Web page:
My day begrudgingly begins at dawn with a quick hop out of bed. Immediately the rush is on: a quick breakfast – a last minute check of my gear – a charge out the door – and a not-wasting-any-time drive to the high country. Afternoon thunderstorms are in the forecast so the race is on to complete my 3.5-mile loop hike in Pole and Doe Canyons before they become too threatening.
A prominent landmark on the Old Spanish Trail, the name “La Sal” was originally recorded in the 1776 journals of Dominquez and Escalante - two friars on an expedition to find a route to connect the Catholic missions in California and New Mexico. Their Ute guides had referred to them as the “Sierra de la Sal,” meaning The Salt Mountains.
Turning the calendar back to the 1800s, stockmen grazed their sheep and cattle here, a practice that continues. Mining and limited logging also occurred. Now most people come here for recreation – hiking, hunting, horseback riding, fishing and mountain biking in the summer and fall – snowshoeing, skiing, sledding and snowmobiling in the winter.
The formation of the La Sals occurred twenty-five to twenty-eight million years ago when an intrusive molten magma created an uplift of 6,000 feet and cooled into igneous rock. Then the overlying, less resistant sandstone eroded away leaving behind the mountains we see today. With at least twelve peaks over 12,000 feet, they comprise the second highest range in Utah after the Uintas, and are categorized into three distinct groups – north, middle and south.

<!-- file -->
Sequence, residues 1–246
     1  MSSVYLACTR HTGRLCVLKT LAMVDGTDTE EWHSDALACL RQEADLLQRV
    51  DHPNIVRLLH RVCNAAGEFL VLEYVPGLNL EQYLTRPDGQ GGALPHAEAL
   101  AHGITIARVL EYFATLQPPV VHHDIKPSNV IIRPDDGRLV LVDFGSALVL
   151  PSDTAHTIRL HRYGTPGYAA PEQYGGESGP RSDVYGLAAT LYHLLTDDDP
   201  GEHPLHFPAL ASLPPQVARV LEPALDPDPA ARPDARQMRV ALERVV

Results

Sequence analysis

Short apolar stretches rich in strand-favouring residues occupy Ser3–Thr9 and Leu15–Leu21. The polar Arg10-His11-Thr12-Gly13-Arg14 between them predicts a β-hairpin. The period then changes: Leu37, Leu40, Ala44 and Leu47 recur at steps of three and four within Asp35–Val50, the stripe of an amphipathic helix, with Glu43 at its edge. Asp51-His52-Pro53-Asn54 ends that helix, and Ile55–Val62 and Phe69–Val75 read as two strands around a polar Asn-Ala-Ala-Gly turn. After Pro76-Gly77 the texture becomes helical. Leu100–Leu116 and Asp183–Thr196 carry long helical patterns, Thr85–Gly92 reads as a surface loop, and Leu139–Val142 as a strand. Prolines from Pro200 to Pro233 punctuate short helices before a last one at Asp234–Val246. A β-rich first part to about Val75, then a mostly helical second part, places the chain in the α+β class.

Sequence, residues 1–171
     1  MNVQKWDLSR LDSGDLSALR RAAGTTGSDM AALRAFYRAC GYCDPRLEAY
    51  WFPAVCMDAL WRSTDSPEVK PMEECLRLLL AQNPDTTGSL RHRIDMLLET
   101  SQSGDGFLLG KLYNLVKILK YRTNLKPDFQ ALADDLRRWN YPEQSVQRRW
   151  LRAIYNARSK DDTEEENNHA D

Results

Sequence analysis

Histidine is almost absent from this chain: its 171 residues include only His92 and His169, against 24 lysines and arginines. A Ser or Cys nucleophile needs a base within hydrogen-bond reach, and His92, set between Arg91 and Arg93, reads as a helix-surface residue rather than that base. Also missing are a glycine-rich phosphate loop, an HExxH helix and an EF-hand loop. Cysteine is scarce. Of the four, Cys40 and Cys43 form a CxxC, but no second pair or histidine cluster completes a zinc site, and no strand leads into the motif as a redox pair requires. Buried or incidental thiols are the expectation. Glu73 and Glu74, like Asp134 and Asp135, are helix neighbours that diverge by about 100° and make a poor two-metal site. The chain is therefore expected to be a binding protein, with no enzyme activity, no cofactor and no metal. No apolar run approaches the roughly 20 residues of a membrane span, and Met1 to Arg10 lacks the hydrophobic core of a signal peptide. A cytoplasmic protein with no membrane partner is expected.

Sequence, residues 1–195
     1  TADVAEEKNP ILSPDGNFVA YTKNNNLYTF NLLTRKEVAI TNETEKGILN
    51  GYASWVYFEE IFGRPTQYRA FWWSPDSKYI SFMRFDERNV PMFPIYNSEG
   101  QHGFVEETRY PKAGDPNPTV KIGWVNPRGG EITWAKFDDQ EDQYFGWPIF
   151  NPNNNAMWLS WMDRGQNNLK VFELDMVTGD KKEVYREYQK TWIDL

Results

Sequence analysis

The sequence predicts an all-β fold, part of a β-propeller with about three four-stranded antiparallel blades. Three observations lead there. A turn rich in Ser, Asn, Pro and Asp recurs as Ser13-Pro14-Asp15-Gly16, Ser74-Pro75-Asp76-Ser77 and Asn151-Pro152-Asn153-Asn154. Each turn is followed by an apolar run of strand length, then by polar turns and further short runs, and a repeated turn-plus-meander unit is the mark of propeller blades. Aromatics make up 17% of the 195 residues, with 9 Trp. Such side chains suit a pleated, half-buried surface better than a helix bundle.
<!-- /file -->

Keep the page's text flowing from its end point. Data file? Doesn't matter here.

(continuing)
Pole and Doe Canyons are located in the foothills of South Mountain. To get there drive south of town on Highway 191 approximately 22 miles and turn left at the sign for the town of La Sal. Drive another 13 miles and take a left onto the Upper Two Mile graveled dirt road. In two more miles make another left turn for the La Sal Pass Road. Then drive 1.2 miles and look for the unsigned left turn on to Forest Service Road 128 (also known as the Deer Springs Road). You’ll find the trailhead for Doe Canyon in half a mile with the trailhead for Pole Canyon another 1.2 miles beyond that. This rough two-wheel drive route is do-able for most high clearance vehicles as long as the road is dry.
Just before that final turn I have to stop. There’s no way I’m going to pass up this fabulous view of Mt. Peale and Tukunikivatz Peak. Mt. Peale, the highest at 12,721 feet, was named after Albert Charles Peale, a geologist on the Hayden Survey team in 1875. Tradition suggests that the Ute translation of “Tukunikivatz” means place where the sun lingers longest, an appropriate term for one of our more impressively shaped peaks.
I start my hike at the Pole Canyon trailhead. The oaks interspersed with lush meadows brim with the dashing colors of cutleaf daisies, larkspur, pink phlox and dandelions. An upset chipmunk squeals his annoyance at my presence. The crickets, however, couldn’t care less that I am here. They never miss a beat in their haunting tune as the warbling vireos add their boisterous song to the mix.